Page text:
It is the workplace phenomenon that has been inflicted on tens of thousands of British workers by enthusiastic managers: hot-desking.
However, office workers are increasingly unhappy about the removal of rights to their own desk, saying it decreases their productivity.
Hot-desking is the practice of allocating desks to employees as and when required. A survey of more than 1,000 office workers by Savills, the property consultancy, found that 12 per cent of hot-desking employees thought it made them more productive. Half believed it made them less productive, compared with about a third of workers in a similar survey two years’ ago.
Companies have increasingly enforced hot-desking to reduce the amount of office space they need to rent and to encourage greater interaction between employees. Savills found that 60 per cent of workers said a dedicated desk remained their preferred option. The sentiment was consistent across age groups, apparently dispelling the idea that younger workers are more prepared to work flexibly.
British offices were more likely to be open plan than those in any other European country surveyed. However, the survey found that British workers in an open plan office were more likely to say the design decreased their productivity than those who worked in segregated offices, at 36 per cent versus 14 per cent.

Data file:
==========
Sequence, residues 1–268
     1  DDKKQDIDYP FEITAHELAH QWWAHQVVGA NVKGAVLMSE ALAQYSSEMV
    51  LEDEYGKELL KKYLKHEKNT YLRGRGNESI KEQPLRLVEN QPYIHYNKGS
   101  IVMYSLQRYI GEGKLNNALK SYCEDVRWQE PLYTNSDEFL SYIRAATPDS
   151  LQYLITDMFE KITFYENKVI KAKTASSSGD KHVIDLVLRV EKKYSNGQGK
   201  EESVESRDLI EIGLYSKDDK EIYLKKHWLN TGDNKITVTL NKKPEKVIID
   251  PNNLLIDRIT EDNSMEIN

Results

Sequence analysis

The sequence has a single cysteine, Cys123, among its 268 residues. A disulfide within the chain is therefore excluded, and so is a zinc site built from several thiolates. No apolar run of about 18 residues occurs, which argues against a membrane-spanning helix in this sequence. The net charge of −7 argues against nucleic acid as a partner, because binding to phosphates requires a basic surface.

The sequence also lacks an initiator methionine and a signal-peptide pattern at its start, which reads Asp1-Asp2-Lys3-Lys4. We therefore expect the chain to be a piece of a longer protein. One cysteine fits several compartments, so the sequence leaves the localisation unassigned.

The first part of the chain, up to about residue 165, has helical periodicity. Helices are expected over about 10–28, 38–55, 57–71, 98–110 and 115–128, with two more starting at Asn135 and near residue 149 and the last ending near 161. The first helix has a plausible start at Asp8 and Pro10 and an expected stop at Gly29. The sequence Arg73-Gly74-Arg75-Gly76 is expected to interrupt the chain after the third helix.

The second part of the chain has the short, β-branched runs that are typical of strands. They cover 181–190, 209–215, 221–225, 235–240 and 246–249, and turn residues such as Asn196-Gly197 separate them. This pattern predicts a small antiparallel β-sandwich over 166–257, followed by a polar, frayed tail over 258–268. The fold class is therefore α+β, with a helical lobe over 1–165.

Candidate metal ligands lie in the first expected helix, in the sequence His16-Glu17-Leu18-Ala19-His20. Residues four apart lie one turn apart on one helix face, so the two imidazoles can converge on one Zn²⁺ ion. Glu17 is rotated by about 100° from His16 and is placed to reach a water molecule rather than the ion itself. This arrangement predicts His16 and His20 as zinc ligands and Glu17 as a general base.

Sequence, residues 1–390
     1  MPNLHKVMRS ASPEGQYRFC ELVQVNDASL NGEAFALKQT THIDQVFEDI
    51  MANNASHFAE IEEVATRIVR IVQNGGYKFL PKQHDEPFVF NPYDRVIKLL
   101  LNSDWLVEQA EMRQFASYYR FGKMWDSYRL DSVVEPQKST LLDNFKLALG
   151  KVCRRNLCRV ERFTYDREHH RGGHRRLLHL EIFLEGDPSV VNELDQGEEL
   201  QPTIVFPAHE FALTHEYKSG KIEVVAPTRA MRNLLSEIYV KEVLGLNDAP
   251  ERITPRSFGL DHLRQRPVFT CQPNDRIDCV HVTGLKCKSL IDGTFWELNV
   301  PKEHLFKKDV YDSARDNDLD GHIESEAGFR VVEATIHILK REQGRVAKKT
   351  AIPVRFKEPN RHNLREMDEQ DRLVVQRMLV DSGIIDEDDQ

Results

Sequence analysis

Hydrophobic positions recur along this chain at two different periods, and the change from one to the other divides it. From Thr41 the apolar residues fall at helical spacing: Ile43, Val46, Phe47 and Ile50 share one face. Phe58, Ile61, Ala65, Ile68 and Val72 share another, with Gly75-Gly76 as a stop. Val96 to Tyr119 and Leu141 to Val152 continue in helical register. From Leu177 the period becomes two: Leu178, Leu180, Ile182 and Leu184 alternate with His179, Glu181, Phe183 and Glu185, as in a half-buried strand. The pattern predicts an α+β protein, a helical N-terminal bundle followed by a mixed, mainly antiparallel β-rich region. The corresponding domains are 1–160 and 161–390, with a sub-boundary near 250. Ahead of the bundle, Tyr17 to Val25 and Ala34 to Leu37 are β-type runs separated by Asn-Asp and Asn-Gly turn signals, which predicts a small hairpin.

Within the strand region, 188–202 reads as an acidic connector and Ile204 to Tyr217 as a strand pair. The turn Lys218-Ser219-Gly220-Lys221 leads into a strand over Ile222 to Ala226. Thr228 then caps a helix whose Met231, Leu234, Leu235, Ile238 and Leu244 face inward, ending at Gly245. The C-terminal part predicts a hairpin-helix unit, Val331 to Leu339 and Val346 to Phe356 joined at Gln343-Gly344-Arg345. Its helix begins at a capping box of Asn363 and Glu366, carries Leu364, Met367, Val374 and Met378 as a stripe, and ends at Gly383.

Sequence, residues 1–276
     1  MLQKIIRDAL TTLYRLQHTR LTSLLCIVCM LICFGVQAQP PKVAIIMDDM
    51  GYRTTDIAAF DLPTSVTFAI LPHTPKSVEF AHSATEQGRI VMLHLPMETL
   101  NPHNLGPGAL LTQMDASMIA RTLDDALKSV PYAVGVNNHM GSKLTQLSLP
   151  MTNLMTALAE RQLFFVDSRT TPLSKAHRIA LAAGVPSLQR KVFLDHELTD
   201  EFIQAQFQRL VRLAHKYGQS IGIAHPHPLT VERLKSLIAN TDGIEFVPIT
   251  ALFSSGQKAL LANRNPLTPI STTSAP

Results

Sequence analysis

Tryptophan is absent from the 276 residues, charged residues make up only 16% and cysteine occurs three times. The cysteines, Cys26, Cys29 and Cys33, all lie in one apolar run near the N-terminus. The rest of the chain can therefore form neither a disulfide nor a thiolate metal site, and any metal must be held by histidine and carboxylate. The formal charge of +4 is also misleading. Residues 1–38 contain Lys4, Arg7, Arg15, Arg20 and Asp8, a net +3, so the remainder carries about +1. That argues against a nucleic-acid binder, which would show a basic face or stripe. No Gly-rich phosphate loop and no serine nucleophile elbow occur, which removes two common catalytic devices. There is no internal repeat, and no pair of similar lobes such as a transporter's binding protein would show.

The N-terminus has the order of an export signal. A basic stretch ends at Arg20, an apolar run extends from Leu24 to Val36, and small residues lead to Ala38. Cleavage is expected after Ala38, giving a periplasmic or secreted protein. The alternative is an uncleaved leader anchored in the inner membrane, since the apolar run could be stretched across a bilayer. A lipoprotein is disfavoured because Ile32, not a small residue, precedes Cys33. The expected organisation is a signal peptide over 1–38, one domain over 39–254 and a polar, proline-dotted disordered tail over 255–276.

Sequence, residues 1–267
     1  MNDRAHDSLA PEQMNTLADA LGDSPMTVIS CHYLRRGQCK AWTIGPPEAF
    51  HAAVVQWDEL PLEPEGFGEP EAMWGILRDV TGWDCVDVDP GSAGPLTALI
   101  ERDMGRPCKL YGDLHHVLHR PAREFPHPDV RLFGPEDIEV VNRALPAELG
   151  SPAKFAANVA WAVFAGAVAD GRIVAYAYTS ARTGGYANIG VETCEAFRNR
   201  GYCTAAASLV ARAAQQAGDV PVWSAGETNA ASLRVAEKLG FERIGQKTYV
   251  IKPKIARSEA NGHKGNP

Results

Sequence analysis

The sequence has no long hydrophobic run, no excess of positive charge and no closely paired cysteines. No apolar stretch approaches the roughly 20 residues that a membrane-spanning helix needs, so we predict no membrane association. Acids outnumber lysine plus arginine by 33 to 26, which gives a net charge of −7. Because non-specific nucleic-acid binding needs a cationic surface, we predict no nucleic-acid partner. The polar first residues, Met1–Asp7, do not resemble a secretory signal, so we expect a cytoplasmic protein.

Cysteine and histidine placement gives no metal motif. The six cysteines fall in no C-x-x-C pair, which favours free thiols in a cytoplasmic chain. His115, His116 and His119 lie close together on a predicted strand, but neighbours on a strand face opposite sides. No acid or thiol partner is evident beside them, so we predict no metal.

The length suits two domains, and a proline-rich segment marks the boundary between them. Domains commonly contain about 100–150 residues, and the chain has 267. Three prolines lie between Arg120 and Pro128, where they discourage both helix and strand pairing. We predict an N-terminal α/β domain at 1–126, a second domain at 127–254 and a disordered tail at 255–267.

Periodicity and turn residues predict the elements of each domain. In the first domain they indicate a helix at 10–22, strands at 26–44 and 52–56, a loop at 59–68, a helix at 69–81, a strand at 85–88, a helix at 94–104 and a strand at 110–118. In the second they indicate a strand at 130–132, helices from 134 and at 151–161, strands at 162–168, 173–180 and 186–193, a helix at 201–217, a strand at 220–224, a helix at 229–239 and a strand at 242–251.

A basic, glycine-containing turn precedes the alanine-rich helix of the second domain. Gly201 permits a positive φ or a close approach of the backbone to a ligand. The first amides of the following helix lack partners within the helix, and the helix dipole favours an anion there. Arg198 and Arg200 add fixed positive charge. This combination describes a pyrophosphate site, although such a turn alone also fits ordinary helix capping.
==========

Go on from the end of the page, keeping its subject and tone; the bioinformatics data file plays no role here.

Noise levels were found to be a rising problem, with 83 per cent of workers saying that is important, compared with 77 per cent two years ago.
Large companies are under pressure to offer the workplace perks such as free food and break-out areas favoured by tech companies like Facebook and Google. The survey found that 53 per cent of workers said they were happy with their workplace, up from 48 per cent in 2016.
Employer and landlord efforts to improve wellbeing appear to have been paying off, with 39 per cent of respondents agreeing that their office positively impacts their mental health, up from 33 per cent two years ago. A third of respondents said that their office supported their physical health, up from 25 per cent in 2016.